Grouse Mountain Grill: Chef Kangas redefines ‘from scratch’
The food at Grouse Mountain Grill is as sincere as its chef.
“We just want to feed people,” Executive Chef Rick Kangas said.
Unlike most upscale restaurants, Kangas and his crew are avoiding the trap of food trendiness. The presentation is nice, but eating at Grouse Mountain Grill doesn’t feel like you’re dining on a page ripped out of Bon Appetit magazine.
“Some food, you don’t want to ruin the art by sticking your fork in it,” Kangas said.
Kangas wants the food to taste good. The soft spoken, humble cook achieves excellence in his fare by simply making everything from scratch. Taking it even farther, Kangas mans four plots in a community garden down in Eagle.
On his hands and knees in the dirt, Kangas grows vegetables and herbs that he incorporates into his recipes at the restaurant. Not on the menu but special for summer, Kangas serves up an all-herb salad with prosciutto and a Palisade apricot filled with mascarpone cheese. The herbs’ flavors burst into your mouth, making it one of the most exciting culinary creations I’ve ever tasted.
“You can scour the earth for these types of herbs and you still wouldn’t find them without growing them yourself,” Kangas said.
A must-sample appetizer is the chef’s potato flatbread ($9.50). Changed daily, I enjoyed flatbread crowned with mascarpone cheese, roasted red pepper, rock shrimp and crab.
But it’s the traditionally Southern starter that emphasizes Kangas’ penchant for innovative comfort food.
Bibb lettuce beds a trio of fried green tomatoes ($10.50). Coated in flaky Japanese bread crumbs, rather than the ground American version, the tomatoes saute up light and crisp. Underneath the tart tomato reveals a warm fantastic French feta.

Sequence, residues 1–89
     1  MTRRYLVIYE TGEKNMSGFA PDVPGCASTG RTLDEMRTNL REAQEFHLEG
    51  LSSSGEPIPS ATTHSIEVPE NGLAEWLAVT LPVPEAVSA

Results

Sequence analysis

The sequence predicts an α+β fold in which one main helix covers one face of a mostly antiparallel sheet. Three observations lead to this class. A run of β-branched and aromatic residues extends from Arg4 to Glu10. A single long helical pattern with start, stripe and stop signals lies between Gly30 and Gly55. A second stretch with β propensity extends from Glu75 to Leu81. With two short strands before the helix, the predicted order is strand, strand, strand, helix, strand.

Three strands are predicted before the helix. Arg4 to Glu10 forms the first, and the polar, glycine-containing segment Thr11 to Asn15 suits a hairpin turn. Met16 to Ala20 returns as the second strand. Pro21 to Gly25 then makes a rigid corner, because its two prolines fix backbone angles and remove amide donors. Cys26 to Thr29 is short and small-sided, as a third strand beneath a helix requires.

“French feta is more light, creamy and buttery than Greek feta, which is squeaky and firm,” Kangas said.
Finished with a drizzle of white balsamic vinaigrette, it’s no mystery why the salad has appeared on the menu since the opening of the restaurant.
In between the main course and the appetizers, Kangas sent out ginger french toast topped with fois gras and orange marmalade. Forget what you know about fois gras; its sometimes-intimidating texture disappears in Kangas’ version, which is sweet and delectable.
The chef, who freely admits it is apparent that he loves food, grew up on a farm where big family dinners were the usual late-afternoon affair.
“Food is inherent in my family,” Kangas said. “Food has always been social, comforting. Nourishment for the body and the soul.”
The entrees at Grouse Mountain Grill embrace this idea of comfort and nourishment.
I opted for the Ritz crusted walleye on lemon lettuce with dill tartar sauce ($32), a staple on Grouse Mountain Grill’s menu. Our server, Bill Minett, whose thoughtful explanations reveal his extensive experience, paired the fish with a dry white wine because it brings out the sweetness in the lemon lettuce.
Whatever you consider comforting to the palate, the restaurant offers it up on an oversized plate ” grilled Colorado lamb T-bones ($37), roasted half ducklings ($29) or pretzel-crusted jumbo pork chop ($28).
All sides are served family style. If you’re a meat-and-potato type of eater, you can sink your fork into the lumpy horseradish mashed potatoes, or head south with white cheddar grit cake.
We went for the grilled sweet corn and prickly pear with chili and lime because Minett cued us in on the healing qualities of prickly pear. The fruit helps with hangovers.
Entrees are large, but you can’t skip dessert. Choose the lychee nut sorbet and coconut ice cream in a rice paper bowl ($7) because it is light and refreshing. If you have more room, then select the Colorado sweet cherry chocolate short cake ($8).
Delicate unification seems to be a theme at Grouse Mountain Grill, where comfort and taste merge to make a truly genuine experience.
The parcel where workforce housing is being proposed was listed for decades as belonging to the Colorado Department of Transportation.